Veteran spotlight: Ken Brown

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Ken Brown poses in front of a framed flag at VFW Post 2214. (Cayla Grace Murphy)

In celebration of Veterans Day, Tribune reporter Cayla Grace Murphy sat down with veterans at Cullman’s Veterans of Foreign Wars Post 2214 for rapid-fire interviews. The Tribune will be publishing an interview every week in November.

Col. Ken Brown (retired)

United States Air Force, 1965-1991

Deployments: Vietnam, Tel-Aviv

CGM: What do you remember most about the day you enlisted?

KB: It was uneventful, I just knew when I got out of college I wanted to go in the Air Force and make it a career. So I enlisted; well, I didn’t enlist, I got selected to go to officer candidate school. I came in the Air Force and went directly to Lackland Air Force Base in San Antonio. I went through Officer Candidate School – my first assignment as a second lieutenant was strategic air command up in Michigan – and went from there.

CGM: Can you describe a funny moment from boot camp?

KB: It’s an abbreviated boot camp. It’s nowhere near as bad as the enlisted guys! It was 90 days. Why are we focusing on boot camp? Oh, I don’t remember anything really funny about it (laughs); it was a lot of pushups and running and getting in shape, a lot of people screaming and yelling in your face. I think the (most fun) time was drinking at the Officer’s Club, which we were now allowed to go to, after we graduated! Then we were scattered to the four winds and off on our own experiences.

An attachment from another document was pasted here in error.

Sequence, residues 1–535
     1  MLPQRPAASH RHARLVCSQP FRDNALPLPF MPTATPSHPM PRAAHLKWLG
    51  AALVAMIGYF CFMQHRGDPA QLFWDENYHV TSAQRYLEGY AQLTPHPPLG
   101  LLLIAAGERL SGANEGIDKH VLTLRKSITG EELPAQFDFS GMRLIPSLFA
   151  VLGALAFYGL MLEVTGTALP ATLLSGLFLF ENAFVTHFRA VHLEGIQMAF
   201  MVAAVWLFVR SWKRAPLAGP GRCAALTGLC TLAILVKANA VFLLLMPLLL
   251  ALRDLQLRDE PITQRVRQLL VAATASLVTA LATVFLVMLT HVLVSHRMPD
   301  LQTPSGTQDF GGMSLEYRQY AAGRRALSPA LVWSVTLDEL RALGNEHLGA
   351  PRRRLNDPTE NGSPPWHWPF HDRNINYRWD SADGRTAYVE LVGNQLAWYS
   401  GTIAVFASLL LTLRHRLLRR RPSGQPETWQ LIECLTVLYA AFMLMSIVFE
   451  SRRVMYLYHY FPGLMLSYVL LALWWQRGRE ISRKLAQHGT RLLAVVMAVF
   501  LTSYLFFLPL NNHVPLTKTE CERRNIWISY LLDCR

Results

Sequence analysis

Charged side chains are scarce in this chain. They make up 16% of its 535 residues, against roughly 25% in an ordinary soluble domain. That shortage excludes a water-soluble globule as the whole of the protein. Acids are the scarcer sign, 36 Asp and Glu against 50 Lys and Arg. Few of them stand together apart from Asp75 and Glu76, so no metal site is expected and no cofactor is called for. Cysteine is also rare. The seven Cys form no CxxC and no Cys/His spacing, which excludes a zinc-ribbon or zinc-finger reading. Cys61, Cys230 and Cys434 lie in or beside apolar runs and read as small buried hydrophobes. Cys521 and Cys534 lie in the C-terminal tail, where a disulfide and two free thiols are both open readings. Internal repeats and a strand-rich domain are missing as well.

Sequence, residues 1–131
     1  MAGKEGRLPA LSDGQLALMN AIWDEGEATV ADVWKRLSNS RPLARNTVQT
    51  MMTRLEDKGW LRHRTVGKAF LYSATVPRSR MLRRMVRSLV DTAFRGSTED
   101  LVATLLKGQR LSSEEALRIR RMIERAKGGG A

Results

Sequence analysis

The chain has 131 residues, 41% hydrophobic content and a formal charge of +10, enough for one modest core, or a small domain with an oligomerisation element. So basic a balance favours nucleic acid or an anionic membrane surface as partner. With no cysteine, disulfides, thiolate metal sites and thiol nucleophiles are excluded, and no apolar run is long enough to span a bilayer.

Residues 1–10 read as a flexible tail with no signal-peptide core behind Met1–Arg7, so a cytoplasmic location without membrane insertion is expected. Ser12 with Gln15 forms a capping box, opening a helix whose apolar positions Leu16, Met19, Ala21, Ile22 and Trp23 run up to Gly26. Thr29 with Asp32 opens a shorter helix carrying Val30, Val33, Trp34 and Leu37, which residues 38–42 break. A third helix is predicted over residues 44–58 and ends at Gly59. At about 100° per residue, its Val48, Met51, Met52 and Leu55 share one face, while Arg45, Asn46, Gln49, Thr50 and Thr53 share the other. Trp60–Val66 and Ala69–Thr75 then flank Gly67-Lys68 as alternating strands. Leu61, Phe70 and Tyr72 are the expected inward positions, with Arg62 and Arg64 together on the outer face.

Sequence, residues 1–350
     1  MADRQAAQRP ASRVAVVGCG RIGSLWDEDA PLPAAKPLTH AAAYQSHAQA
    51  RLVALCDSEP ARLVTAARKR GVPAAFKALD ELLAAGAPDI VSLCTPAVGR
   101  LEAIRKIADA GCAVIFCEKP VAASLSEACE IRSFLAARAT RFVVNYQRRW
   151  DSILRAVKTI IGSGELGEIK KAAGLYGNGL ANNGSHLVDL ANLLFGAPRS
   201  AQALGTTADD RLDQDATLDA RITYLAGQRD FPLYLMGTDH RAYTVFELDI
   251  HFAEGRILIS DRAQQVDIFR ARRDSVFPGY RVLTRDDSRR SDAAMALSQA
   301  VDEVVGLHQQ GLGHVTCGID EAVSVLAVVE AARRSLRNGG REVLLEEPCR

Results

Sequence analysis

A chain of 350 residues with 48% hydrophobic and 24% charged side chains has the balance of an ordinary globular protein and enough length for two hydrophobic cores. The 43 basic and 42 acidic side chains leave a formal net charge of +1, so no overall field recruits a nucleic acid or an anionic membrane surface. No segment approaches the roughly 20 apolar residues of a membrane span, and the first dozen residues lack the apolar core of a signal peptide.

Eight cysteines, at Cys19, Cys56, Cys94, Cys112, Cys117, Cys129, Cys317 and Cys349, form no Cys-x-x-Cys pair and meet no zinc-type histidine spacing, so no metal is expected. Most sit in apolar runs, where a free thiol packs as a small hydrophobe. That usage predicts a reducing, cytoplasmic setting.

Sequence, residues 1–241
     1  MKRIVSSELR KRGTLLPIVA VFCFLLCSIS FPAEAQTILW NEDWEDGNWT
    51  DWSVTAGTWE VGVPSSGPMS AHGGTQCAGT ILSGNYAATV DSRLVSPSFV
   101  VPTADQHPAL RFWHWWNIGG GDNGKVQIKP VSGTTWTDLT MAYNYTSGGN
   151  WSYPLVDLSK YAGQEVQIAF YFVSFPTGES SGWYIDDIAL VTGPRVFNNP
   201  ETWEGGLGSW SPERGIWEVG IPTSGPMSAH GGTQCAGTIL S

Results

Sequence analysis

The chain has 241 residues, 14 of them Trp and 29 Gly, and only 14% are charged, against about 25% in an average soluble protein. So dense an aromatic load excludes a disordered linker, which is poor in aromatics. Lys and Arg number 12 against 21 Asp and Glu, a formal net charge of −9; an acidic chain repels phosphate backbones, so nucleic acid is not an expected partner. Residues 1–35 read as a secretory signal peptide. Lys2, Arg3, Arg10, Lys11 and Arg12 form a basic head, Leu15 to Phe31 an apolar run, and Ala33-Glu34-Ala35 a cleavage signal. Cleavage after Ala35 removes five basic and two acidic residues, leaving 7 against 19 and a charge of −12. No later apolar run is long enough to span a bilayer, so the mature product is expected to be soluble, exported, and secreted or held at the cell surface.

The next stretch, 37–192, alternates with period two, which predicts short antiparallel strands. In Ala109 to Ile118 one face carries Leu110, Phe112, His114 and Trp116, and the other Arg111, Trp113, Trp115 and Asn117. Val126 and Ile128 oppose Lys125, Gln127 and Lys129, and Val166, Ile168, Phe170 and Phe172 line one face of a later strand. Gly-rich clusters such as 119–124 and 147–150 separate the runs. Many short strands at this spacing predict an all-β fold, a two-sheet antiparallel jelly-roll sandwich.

CGM: What are some things you remember most about your deployments?

KB: Well, the first deployment was to Vietnam for a year. That was probably the worst year to be in Vietnam, when Tet happened – the Communist Tet Offensive. I flew in support of the Marines up in Khe Sanh. You probably won’t know any of this, but Khe Sanh was a Marine Corps base that was in the northern part of Vietnam that was completely surrounded by the enemy. We had to fly in and drop them supplies and provide air support to keep the bad guys from overrunning them. Then we had the Tet Offensive where they attacked our base, but the base that I was at, Da Nang, was rocketed just about every night. We lost a lot of good people in those attacks. It was kind of a grim year. I was only in the military for two years when I went to Vietnam, never had been overseas before.

The second deployment I did was when I was captain, down to Tel Aviv, Israel, during the 1973 mid-east war (1973 Arab-Israeli War). I was an intelligence officer and my job was to brief the aircrews about what the threat was going down and coming back from Israel. I was down there for a couple of weeks with the Israelis on the ground, in Tel Aviv, 50 years ago, right now, today. (Author’s note: this interview was recorded Oct. 17, 2023). History is repeating itself.

CGM: Do you have any advice for people transitioning back to civilian life?